Shippers Pass along Additional Costs as Tariffs Bite into Earnings

March 7, 2019


Shippers are breathing a sigh of relief as the latest round of tariff increases have been delayed indefinitely. Originally, 25% tariffs on imported goods valued at over $250 billion were to have been implemented on Chinese goods beginning on January 1, 2019. However, the tariffs were delayed to March so that the U.S. and Chinese governments could come to an agreement concerning their trade dispute. And now, instead of 25% tariffs, shippers are faced with 20% tariffs on a long list of Chinese imports. But, even that may change if U.S. and China negotiations prove successful. As of early March, the Wall Street Journal reports that China is offering to lower tariffs and other restrictions on American farm, chemical, auto and other products while the U.S. is considering removing most, if not all, sanctions levied against Chinese products since last year. A formal agreement could be reached at the end of March and could also include speeding up the timetable for removing foreign-ownership limitations on car ventures and reducing tariffs on imported vehicles to below the current auto tariff of 15% – Good news for the U.S. automobile industry whose supply chain reaches around the world. A recent study by the Center for Automotive Research found that under a scenario where the USMCA (Renegotiated NAFTA awaiting government approval) is implemented in its current form, other tariffs continue unmodified, and the Section 232 auto and auto parts tariffs are imposed except on Canada, Mexico and South Korea, the following will likely occur:

  • A total of 366,900 U.S. jobs will be lost
  • S. light-duty vehicle prices will increase by $2,750 on average
  • S. new light-duty vehicle sales will drop by 1,319,700 units per year
Indeed, trade and tariff impacts on supply chains is damaging for industries and individual companies’ bottom line. 2018 was such a year as the U.S. government made good on threats and promises with the implementation of tariff hikes beginning early in the year for not only Chinese imports but also steel imports from the EU, Canada and other countries. By September, tariffs on Chinese imports had increased to 20% and the list of affected Chinese imports had grown as well. Countries impacted by US tariffs retaliated and implemented tariffs on U.S. goods. The result has been damaging to shippers.
  • Tesla noted that tariffs on Chinese parts could cost the company $50 million in its fourth quarter alone.
  • According to Ford’s CFO, metals tariffs took about $1 billion in profit from the automaker.
  • Fortune Brands Home & Security Inc. said tariffs are expected to cost it $2 million to $3 million in the fourth quarter.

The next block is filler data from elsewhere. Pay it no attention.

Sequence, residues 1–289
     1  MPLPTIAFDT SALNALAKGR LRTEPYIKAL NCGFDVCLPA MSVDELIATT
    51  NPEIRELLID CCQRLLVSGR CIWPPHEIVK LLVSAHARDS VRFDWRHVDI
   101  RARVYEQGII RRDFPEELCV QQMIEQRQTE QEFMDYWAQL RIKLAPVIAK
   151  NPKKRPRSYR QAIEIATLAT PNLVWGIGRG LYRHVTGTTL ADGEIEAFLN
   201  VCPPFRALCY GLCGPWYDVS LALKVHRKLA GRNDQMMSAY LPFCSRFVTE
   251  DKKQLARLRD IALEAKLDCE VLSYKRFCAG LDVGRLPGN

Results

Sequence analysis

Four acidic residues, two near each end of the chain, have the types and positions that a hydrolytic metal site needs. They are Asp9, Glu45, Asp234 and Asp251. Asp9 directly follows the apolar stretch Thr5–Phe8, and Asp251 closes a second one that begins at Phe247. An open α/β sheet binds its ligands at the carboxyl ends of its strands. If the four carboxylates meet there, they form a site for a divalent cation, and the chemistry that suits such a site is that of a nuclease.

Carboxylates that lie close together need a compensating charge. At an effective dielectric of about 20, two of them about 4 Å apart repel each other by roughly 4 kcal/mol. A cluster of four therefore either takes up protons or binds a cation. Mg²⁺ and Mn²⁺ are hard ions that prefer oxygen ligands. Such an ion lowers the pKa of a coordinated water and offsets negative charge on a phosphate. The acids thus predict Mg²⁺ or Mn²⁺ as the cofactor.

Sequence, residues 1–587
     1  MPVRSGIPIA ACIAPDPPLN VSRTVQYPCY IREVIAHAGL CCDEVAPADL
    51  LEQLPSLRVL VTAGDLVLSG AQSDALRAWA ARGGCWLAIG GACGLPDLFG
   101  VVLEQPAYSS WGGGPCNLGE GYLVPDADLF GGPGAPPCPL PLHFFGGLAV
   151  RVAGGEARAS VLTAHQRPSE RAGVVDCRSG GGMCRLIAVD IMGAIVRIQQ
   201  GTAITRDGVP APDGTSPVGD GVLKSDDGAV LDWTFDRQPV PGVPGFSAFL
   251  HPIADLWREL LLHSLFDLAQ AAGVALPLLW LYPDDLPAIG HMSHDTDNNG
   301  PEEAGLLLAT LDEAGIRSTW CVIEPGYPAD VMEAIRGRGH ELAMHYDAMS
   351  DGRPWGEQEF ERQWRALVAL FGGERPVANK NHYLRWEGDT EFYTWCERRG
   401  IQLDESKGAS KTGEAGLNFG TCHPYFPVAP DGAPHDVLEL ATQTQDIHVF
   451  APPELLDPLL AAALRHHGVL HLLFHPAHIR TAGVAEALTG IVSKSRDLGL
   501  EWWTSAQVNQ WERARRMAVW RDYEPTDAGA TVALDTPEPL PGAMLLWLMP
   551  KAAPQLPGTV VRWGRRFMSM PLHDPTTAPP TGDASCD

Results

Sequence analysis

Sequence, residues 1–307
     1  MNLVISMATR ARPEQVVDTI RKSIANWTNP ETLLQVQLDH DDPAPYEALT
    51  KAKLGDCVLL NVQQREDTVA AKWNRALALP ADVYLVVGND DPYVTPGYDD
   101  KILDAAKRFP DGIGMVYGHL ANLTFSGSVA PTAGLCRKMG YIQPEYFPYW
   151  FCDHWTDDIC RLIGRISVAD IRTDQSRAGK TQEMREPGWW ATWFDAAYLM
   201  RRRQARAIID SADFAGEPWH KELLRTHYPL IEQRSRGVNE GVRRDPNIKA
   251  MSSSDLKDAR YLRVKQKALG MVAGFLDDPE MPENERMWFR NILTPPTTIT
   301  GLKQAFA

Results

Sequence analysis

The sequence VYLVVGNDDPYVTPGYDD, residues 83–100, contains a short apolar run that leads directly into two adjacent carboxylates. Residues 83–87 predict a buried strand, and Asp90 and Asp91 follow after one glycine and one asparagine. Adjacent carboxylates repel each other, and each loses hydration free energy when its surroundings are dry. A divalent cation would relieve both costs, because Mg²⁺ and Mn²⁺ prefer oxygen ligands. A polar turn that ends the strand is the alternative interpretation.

For some shippers such as Mohawk Industries, an American flooring manufacturer, price increases have been announced to cover both the tariffs and other rising costs. The company also has revamped supply chains. Another manufacturer, Fortune Brands Home & Security Inc., also noted that it is also changing up its supply chain and focusing on locations such as Mexico that are unaffected by tariffs. Steve Madden is also raising prices as a result of the tariffs and “aggressively” move production out of China as fast as possible. However, moving production away from China is easier said than done. Shifting production can take years to complete – firms need to secure funding, find the right suppliers, sort out new logistics – all while dealing with new legal and accounting issues in a country they may not know well.  Having strong supply chain partners can be beneficial in such moves. Such partners can serve as trade consultants who often are knowledgeable on trade regulations, infrastructure requirements and partnering and working with local logistics providers as needed. The uncertainty in global trade relations has sparked a strong demand for supply chain expertise. Before the delay of the 25% tariff, shippers ordered goods early and in large quantities to avoid the additional tariff increase. The result was record imports for several ports including the two largest, Los Angeles and Long Beach, each ending 2018 with TEU increases of 1.2% and 7.0% respectively. Combined, these two ports handle almost half of all U.S. imports from Asia. Thanks to the Panama Canal, East Coast ports also benefited from record volumes such as the port of Savannah which reported an increase of 8.7% in TEUs and Charleston, which reported a 6.4% increase in TEUs. The effects of the existing tariffs extend beyond the ports and to the transportation networks and warehousing. Already faced with a healthy economy and strong customer demand, trucking and rail operators witnessed capacity constraints that resulted in increased rates. Not only did shippers have to pay more for their imports, they also had to pay more in transportation once the goods cleared customs. If that wasn’t enough, warehousing space to store the extra inventory also has reached beyond capacity levels as many shippers have opted to carry additional inventory in warehouses. From end-to-end, supply chains are facing increasing costs as they encounter disruptions such as tariffs. As we have noted here and on our blog, supply chain risks will only increase. Today’s environment is highly volatile as political, environmental as well as competitive risks are making it so that supply chains need to be agile, quick to respond and adapt to meet the needs of customers.